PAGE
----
Michel Adanson watched himself die under his daughter’s gaze. He was wasting away, racked by thirst. His joints were like fossilized shells of bone, calcified and immobile. Twisted like the shoots of vines, they tormented him in silence. He thought he could hear his organs failing one after another. The crackling noise in his head, heralding his end, reminded him of the first faint noises made by the bushfire he’d lit one evening more than fifty years before on a bank of the Senegal River. He’d had to quickly take refuge in a dugout canoe, from where—accompanied by the laptots, his guides to the river— he’d watched an entire forest go up in flames.
The sump trees—desert date palms—were split by flames surrounded by yellow, red, and iridescent blue sparks that whirled around them like infernal flies. The African fan palms, crowned by smoldering fire, collapsed in on themselves, shackled to the earth by their massive roots. Beside the river, water-filled mangrove trees boiled before exploding in shreds of whistling flesh. Farther off toward the horizon, the fire hissed as it consumed the sap from acacias, cashew trees, ebony and eucalyptus trees while the creatures of the forest fled, wailing in terror. Muskrats, hares, gazelles, lizards, big cats, snakes of all sizes slid into the river’s dark flow, preferring the risk of drowning to the certainty of being burned alive. Their splashes distorted the reflection of the flames in the water. Ripples, little waves, then stillness.
Michel Adanson did not believe he’d heard the forest moan that night. But as he was consumed by an internal conflagration just as violent as the one that had illuminated his dugout on the river, he started to suspect that the burning trees must have screamed curses in a secret plant language, inaudible to men. He would have cried out, but no sound could escape his locked jaw.
The old man brooded. He wasn’t afraid of dying, but he regretted that his death would be of no use to science. In a final show of loyalty to his mind, his body, retreating before the great enemy, counted off its successive surrenders almost imperceptibly. Methodical even unto death, Michel Adanson lamented his powerlessness to describe in his notebooks the defeats of this final battle. Had he been able to speak, Aglaé could have acted as his secretary during his final agony. But it was too late to dictate the story of his own death.
He hoped desperately that Aglaé would discover his notebooks. Why hadn’t he simply left them to her in his will? He had no reason to fear his daughter’s judgment as though she were God. When you pass through the door to the next world, you cannot take your modesty with you.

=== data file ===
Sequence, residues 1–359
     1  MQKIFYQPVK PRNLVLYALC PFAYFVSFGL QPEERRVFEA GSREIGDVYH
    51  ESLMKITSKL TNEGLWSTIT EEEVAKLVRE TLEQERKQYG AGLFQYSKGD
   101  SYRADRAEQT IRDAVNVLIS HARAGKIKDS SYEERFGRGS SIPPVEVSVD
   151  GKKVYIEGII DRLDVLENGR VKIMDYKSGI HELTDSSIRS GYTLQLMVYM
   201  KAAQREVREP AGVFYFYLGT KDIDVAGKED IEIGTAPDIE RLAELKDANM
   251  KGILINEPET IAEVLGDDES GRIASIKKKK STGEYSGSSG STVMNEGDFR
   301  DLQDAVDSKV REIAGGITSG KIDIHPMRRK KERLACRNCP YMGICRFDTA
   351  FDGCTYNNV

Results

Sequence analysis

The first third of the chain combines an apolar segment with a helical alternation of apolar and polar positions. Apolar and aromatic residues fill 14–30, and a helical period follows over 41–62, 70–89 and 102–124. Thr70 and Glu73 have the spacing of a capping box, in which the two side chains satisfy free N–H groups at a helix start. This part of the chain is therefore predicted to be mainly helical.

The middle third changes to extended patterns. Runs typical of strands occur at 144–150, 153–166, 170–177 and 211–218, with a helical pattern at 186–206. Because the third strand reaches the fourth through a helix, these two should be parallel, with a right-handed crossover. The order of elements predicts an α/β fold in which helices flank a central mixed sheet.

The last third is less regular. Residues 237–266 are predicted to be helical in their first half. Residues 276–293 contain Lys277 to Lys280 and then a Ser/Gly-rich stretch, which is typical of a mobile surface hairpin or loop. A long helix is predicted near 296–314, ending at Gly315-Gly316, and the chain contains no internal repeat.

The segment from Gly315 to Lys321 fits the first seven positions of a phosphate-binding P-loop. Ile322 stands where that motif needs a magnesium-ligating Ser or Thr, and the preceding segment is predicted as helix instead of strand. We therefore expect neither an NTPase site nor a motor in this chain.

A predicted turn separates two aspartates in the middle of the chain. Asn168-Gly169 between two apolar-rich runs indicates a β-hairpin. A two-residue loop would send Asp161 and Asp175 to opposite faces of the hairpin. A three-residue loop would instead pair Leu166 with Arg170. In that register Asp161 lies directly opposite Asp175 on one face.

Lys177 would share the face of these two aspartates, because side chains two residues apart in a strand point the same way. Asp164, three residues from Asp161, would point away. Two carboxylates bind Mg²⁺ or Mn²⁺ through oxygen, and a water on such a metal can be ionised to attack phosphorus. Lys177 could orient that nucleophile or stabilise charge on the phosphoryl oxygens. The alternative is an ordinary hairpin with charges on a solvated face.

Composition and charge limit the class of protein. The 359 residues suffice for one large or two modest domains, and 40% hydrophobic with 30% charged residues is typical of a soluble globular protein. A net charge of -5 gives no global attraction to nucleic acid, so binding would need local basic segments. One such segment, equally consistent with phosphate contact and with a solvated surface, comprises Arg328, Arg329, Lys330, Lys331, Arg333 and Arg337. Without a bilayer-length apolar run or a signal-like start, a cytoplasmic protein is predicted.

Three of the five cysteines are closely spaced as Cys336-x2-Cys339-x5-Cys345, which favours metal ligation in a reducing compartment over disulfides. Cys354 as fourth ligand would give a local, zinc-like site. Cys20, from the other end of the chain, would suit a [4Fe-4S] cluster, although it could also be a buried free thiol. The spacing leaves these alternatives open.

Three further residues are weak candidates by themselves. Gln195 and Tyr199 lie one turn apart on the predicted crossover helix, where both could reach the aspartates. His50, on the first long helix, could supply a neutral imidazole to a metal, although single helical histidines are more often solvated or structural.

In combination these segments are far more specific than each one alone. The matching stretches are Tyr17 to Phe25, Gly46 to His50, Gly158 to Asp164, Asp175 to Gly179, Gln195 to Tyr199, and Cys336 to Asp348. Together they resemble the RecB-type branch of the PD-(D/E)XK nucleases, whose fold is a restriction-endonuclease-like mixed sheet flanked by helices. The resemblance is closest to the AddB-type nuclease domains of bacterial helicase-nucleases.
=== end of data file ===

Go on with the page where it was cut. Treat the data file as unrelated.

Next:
On one of his last lucid days, he had understood that his research in botany, his herbaria, his collections of shells, his drawings would all disappear in his wake from the surface of the earth. Amid the eternal churn of generations of human beings crashing over one another like waves would come a man, or—why not?—a woman, another botanist who would unceremoniously bury him under the sands of his ancient science. So the essential thing was to figure in the memory of Aglaé as himself and not merely as some immaterial, ghostly scholar. This revelation had struck him on January 26, 1806: precisely six months, seven days, and nine hours before the beginning of his death.
That day, an hour before noon, he’d felt his femur break under the thick flesh of his thigh. A muffled crack, with no apparent cause, and he almost fell headfirst into the fireplace. Had it not been for Mr. and Mrs. Henry, who had caught him by the sleeve of his bathrobe, he might well have ended up with more bruises and perhaps some burns on his face. They laid him out on his bed and went to get help. And while the Henrys ran through the streets of Paris, he tried to press the heel of his left foot hard against the top of his right foot to extend his injured leg and allow the fractured bones in his femur to snap back into place. He fainted from the pain. When he woke, just before the arrival of the surgeon, Aglaé was on his mind.
He did not deserve his daughter’s admiration. Until then, his only goal in life had been that his “Universal Orb,” his masterpiece, should elevate him to the summit of the botanical world. The pursuit of glory, the jealous recognition of his peers, the respect of scientists all over Europe all of this was mere vanity. He had used up his days and nights meticulously describing close to one hundred thousand “existences”—plants, shellfish, animals of all species—to the detriment of his own. Now, though, he was forced to admit that nothing on earth existed without human intelligence to give it meaning. He would give meaning to his own life by writing it down for Aglaé.